Nebraska based multimedia artist, Cindy Chinn speaks exclusively to Home Review about her work with saws using plasma torches.
Cindy Chinn, aka The Saw Lady, is a globally renowned multimedia artist, who creates unique art pieces by cutting saws with a plasma torch. In an exclusive to Home Review, Cindy shares with us her journey up till now. She also tells us all about her clients who regularly come up with the most fascinating commissions and requests.
Speaking about her first run-in with a plasma torch, she says, “I have always been fascinated with plasma torches and the possibilities of what could be done with them. I had no idea or any expectation of what I would do with them and just thought it would be fun to see what came from it or if I even liked creating something with one.”
When she chanced upon a shovel that had been cut to look like lace, inspiration hit her. “The first thing I cut out was the shape of a tree on a shovel that I had. It was rounded and I thought that it already looked like the top of a tree,” she says. Post this she bought a stack of old and inexpensive saws at a yard sale.
She then went on to cut scenes on these saws which were mostly themed on life in the West and on farms in general, representative of her own home and life. Fourteen scenes later, Cindy’s imagination took off. And that’s how the Saw Lady was born, we could say.
“I try to make each saw unique, even if it’s a small change,” Cindy explains. “I start with an old hand saw and trace a design onto it.” However, metal sometimes “has its own ideas” and this may result in changes in the final outcome. “Typically I am a fine artist and craftsman,” she says. “This form of art is very foreign to me.” Considering how messy the art form can get sometimes, the process of creation is not always clean and precise.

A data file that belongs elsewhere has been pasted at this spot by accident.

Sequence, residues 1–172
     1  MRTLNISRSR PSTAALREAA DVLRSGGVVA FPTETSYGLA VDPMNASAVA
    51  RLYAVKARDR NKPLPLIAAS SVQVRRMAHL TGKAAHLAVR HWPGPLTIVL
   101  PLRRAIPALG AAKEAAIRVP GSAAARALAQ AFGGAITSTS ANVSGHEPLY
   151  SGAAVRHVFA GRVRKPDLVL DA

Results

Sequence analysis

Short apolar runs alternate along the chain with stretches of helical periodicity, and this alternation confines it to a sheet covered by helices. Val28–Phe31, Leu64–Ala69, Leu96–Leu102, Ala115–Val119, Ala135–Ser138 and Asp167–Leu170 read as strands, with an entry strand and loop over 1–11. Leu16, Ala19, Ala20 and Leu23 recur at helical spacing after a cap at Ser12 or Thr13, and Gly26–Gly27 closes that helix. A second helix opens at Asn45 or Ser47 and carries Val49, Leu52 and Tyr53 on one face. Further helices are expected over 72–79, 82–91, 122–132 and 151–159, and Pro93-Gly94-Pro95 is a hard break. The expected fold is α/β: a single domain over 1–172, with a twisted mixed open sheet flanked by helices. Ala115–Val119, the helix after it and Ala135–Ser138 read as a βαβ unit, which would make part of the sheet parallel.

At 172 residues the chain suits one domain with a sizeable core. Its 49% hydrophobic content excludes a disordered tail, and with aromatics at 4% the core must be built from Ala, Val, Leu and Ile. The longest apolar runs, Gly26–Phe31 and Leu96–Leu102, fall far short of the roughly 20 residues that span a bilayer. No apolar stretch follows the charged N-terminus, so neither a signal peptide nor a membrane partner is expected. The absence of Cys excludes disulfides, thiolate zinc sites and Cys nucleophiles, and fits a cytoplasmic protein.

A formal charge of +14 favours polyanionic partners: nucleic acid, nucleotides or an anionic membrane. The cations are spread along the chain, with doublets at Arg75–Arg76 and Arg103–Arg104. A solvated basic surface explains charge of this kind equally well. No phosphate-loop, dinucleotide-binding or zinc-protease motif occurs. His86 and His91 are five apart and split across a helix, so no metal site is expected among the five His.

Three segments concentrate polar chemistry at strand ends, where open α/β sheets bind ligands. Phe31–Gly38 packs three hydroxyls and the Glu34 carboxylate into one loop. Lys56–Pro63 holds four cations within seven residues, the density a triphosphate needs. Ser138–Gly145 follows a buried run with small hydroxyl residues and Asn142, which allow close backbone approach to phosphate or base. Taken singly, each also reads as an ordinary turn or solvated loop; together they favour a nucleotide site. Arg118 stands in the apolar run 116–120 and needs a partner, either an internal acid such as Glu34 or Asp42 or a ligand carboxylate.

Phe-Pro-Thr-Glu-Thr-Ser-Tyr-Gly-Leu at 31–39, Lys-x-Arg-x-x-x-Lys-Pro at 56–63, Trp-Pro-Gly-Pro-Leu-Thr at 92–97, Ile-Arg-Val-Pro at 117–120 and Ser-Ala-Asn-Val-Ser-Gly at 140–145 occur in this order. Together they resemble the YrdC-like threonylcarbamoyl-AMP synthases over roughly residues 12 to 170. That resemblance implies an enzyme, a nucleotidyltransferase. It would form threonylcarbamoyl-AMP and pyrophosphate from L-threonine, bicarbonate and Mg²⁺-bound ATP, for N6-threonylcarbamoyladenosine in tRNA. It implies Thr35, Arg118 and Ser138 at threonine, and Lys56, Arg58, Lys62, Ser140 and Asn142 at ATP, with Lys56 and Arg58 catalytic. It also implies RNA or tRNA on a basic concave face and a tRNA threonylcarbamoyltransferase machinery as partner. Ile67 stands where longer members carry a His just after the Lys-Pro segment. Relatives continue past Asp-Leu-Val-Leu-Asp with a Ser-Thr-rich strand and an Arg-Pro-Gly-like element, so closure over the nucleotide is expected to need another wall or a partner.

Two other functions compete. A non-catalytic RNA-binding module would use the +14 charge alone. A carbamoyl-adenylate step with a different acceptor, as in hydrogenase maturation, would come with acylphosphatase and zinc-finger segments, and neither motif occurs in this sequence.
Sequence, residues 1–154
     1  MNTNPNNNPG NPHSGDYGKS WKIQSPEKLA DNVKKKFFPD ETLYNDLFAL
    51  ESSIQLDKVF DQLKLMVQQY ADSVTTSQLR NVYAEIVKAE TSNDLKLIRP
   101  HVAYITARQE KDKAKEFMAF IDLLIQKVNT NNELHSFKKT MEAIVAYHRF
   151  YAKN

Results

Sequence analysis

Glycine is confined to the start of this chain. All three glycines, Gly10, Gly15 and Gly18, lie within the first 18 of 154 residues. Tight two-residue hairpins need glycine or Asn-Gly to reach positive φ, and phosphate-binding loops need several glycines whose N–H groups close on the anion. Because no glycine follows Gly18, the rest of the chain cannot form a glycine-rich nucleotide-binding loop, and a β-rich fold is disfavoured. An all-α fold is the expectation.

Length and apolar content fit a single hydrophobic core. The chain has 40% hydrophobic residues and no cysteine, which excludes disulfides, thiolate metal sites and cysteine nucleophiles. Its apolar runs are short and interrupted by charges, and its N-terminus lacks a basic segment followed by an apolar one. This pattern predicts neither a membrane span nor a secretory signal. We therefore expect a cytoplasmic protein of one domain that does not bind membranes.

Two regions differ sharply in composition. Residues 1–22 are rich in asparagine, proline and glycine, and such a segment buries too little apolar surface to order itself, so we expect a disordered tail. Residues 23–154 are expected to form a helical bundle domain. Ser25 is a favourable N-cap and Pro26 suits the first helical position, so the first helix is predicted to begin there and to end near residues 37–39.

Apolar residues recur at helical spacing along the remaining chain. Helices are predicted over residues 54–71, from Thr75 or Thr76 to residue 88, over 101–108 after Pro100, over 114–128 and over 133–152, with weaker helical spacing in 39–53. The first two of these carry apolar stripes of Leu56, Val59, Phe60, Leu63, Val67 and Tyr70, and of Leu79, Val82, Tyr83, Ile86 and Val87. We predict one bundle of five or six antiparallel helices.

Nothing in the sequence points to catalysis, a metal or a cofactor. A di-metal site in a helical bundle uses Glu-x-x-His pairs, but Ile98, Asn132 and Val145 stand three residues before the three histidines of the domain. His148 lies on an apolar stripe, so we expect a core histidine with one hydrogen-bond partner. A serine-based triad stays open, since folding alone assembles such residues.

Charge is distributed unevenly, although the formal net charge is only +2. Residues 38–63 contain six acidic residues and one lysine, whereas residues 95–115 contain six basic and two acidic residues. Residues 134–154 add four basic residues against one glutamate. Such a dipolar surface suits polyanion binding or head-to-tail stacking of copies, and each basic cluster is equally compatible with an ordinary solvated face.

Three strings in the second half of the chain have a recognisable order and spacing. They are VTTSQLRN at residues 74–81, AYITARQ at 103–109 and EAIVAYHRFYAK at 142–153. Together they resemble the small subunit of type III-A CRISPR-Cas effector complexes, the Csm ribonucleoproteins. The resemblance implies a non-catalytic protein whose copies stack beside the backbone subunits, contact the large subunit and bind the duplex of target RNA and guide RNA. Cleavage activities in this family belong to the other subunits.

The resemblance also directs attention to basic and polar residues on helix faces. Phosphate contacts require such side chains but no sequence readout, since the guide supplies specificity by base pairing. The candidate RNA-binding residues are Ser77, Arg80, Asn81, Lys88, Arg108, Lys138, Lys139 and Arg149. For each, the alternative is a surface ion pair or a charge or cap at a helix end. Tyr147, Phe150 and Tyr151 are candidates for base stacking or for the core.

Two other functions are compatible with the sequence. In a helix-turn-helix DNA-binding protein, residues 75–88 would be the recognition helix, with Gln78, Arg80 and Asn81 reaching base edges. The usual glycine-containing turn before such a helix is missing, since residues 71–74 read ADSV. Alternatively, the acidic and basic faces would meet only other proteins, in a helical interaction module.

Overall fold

We asked Cindy where she takes her inspiration from, and she said, “Most of my inspiration comes from my clients. People send me saws that have been in their family for generations and ask me to depict their family farm or to commemorate their grandfather’s logging mill.” She has a set of designs ready at most times, ranging from love birds to tractors. But considering the limited supply of saws, she only cuts them when she is commissioned to create a piece.
“Working on custom commissions allows me to get very creative and specific,” she goes on to say. Once she was commissioned to create a tractor running down the rows in a vineyard, along with kangaroos and rabbits. “I would never have thought of this,” she says as she reiterates how such requests inspire her and challenge her creativity.
Every custom piece that is commissioned is complicated owing to the many layers and patinas. “I have also started adding moving parts like windmills and propellers, even lights with switches.” This shows Cindy’s finesse as a multimedia artist. “I find myself wanting to combine techniques and pushing the designs to their limits,” she says. And the end-result, as we all know, is mesmerising to say the least.
But every art form comes with a fair amount of challenges that can sometimes boggle the artist. For Cindy, one tough commission was to create a certain piece for a client’s son – a man riding a motorcycle and dogs chasing him. “I made the motorcycle with handlebars that turned and wheels that spun,” she says.
“When I had to put the man on the bike, I realised he would have to be movable as well. It was like making a puppet from metal.” This was particularly challenging, especially when you take into account that the metal had to be made to look like the boy and his bike. “The most challenging part,” Cindy goes on to say, “was to get his hands to hold the handlebars. She named the final piece ‘The Hog and Dogs Saw’.
For Cindy though, the piece she is the most proud of is ‘The Lamplighter Fish’. “It takes a standard saw to a whole new level where you see the artwork first, and then the saw.” One look at the final piece and you’ll know why she ended up selling it right away, even though she had started out to make it for herself.
When we asked Cindy for an interview, she was pleasantly surprised that we wanted to showcase her work with saws. “Normally my pencil carvings get all of the attention,” she told us. We’ll get to those eventually. But right now, we are obsessed with the Saw Lady!
Text By Priyanka Menon
Photographs Courtesy Art Whitton Photography